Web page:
I don't spend too much time thinking about classical music these days.  The contemporary worship that is part of my daily life and ministry doesn't directly have much to do with Beethoven, Shumann or Liszt, and so the things I studied and practiced for the first twelve years of my music 'career' don't often come to mind.

But today as I was reading in Romans 14, it occurred to me that the Kingdom of God is like a Three-Part Invention by J.S. Bach.

Paul goes on at great length about the danger of criticism; the danger of thinking you have all the answers, spiritually, and other people need to just "get with the program."  He warns against flaunting your freedom or looking down on others because they do things differently.  He suggests withholding your rights for the benefit of the believer next to you who might be confused by your actions.  "If you serve Christ with this attitude, you will please God." (v18)

Two- and Three-Part Inventions are tricky to play. (Truth-be-told, I could never play a Three-Part Invention well!)  These types of pieces were composed more as an exercise than for their melodic sound, because it requires the pianist to give opportunity to 3 separate voices, working together, flowing in and through and around each other.  A Two Part Invention works a little easier, because the two parts come from your two hands, though it takes practice to have them work so independently of each other.  For 3 parts, each hand has their own part and then on top of that, they share the work of the third part.  The musician who can play this well (that would not be me), can give a strong voice to each part when it is their turn to play the lead while the other parts take a back seat, but are still supporting.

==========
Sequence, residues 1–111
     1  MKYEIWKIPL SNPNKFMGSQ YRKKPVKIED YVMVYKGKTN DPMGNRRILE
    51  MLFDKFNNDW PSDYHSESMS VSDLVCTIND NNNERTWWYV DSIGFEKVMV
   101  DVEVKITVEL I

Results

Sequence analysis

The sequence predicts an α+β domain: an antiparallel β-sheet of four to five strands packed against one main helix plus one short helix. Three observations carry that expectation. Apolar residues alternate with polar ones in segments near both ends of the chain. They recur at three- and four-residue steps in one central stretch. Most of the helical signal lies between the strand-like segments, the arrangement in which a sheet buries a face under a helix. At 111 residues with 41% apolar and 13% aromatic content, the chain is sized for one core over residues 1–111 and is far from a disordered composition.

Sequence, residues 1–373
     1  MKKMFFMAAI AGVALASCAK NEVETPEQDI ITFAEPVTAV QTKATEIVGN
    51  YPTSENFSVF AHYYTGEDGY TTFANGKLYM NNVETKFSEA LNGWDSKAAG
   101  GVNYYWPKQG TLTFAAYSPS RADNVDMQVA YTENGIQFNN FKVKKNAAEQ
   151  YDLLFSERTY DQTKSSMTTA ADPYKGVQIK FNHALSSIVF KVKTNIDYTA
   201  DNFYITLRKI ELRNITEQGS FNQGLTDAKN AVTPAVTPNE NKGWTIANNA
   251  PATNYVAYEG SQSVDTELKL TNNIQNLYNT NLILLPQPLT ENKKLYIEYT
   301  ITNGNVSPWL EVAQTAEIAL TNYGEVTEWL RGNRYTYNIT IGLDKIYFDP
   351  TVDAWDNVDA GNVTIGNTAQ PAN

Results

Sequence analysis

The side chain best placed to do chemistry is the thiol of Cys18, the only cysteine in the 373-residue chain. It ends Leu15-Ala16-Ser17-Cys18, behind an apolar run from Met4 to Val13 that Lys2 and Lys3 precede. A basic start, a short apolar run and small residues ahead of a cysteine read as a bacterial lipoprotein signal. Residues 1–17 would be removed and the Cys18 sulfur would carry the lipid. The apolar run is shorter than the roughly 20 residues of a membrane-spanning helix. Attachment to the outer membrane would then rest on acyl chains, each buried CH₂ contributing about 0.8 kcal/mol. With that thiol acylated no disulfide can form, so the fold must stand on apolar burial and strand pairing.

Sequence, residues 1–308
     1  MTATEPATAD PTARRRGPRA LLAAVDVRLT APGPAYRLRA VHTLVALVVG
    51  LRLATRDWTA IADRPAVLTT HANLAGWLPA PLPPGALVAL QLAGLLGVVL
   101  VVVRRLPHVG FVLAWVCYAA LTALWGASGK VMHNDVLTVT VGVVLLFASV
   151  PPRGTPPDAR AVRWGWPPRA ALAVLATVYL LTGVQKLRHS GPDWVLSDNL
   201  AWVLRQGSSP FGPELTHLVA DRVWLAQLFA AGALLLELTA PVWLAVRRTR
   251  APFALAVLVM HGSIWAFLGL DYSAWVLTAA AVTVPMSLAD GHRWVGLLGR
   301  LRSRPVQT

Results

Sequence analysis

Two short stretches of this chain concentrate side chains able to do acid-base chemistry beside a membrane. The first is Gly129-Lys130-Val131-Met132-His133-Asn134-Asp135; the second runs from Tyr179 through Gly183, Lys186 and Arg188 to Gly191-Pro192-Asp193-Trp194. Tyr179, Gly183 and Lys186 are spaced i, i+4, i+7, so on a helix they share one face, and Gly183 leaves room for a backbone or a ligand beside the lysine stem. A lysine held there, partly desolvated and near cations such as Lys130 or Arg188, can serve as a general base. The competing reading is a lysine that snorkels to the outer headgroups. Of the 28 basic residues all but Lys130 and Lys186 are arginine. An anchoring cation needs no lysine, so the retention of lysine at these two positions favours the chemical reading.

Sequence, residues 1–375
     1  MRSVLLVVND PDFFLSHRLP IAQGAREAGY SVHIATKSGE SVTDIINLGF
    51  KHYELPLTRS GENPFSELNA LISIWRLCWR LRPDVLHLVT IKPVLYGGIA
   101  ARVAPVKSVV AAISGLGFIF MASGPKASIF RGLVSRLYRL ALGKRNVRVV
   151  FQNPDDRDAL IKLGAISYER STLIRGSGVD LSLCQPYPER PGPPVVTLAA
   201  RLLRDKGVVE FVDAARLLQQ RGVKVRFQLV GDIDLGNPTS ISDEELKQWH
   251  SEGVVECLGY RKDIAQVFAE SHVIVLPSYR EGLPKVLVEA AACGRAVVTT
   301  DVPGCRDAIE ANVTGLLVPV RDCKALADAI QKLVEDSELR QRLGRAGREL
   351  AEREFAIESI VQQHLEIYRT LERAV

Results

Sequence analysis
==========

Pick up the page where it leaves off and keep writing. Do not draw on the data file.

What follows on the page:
"So then let us aim for harmony in the church and try to build each other up." (v19)

The disciplined disciple is sensitive to the needs and feelings of others and desires to see them flourish in their walk with the Lord.  It means not pushing our own ideas, insisting that our way is the only way.  It means extending grace to others and being willing to learn from others (for perhaps, they are also extending grace to you!).  The individual's relationship with the Lord is very personal - which is why we hold such deep convictions about the things the Lord has revealed to us; which is why it is hard to understand where someone else is coming from.  

When I was a teen figuring out my faith, I honestly believed that if every Christian (true Christ follower) just really prayed and sought God's will, we would all come to the same conclusion and the Church would be universally unified.  Scripture is clear that this will not be the case in the Kingdom of now-and-not-yet.  "Who are you to condemn God's servants? They are responsible to the Lord, so let him tell them whether they are right or wrong. The Lord's power will help them do as they should."  (v4)

Part of being in the Church on this earth requires the skill and practice that it takes to play Three-Part Invention: knowing when to step forward and when to make room for others to step forward, and in doing so, we can "join together with one voice, giving praise and glory to God." (15:6)

"So accept each other just as Christ has accepted you;
then God will be glorified."

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